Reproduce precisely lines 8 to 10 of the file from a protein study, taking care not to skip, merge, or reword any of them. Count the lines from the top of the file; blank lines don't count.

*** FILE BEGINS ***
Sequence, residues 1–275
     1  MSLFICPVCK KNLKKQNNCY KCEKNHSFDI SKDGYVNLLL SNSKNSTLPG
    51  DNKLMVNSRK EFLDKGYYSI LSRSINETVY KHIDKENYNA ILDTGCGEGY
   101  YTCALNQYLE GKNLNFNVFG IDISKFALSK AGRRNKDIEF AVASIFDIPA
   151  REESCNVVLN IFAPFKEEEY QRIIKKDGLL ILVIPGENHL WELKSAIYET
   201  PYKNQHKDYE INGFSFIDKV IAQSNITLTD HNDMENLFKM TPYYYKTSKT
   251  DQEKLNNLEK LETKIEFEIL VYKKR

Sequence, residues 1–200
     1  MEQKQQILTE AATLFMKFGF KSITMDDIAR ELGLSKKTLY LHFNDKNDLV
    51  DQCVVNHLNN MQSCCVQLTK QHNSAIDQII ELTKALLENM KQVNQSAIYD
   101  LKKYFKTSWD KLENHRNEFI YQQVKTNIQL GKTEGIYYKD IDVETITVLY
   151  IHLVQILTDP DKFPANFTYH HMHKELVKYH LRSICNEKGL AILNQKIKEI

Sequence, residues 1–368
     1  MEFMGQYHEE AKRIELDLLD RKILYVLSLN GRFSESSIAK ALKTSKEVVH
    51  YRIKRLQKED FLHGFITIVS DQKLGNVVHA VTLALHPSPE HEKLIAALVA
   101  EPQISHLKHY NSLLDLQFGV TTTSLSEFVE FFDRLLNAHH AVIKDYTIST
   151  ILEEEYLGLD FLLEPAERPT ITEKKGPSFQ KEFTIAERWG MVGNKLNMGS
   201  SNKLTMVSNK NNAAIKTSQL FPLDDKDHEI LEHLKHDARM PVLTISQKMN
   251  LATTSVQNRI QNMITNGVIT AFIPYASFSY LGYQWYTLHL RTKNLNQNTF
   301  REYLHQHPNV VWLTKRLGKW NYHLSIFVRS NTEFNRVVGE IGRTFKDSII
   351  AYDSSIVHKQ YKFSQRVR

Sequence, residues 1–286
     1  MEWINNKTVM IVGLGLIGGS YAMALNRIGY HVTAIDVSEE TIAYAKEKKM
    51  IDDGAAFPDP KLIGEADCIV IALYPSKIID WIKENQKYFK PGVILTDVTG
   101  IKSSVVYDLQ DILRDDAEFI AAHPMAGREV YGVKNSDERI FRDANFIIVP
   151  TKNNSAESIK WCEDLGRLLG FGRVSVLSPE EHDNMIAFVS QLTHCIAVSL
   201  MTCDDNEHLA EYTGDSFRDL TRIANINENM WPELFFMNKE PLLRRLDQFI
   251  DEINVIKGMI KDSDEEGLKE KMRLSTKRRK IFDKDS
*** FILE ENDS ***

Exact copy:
Sequence, residues 1–200
     1  MEQKQQILTE AATLFMKFGF KSITMDDIAR ELGLSKKTLY LHFNDKNDLV
    51  DQCVVNHLNN MQSCCVQLTK QHNSAIDQII ELTKALLENM KQVNQSAIYD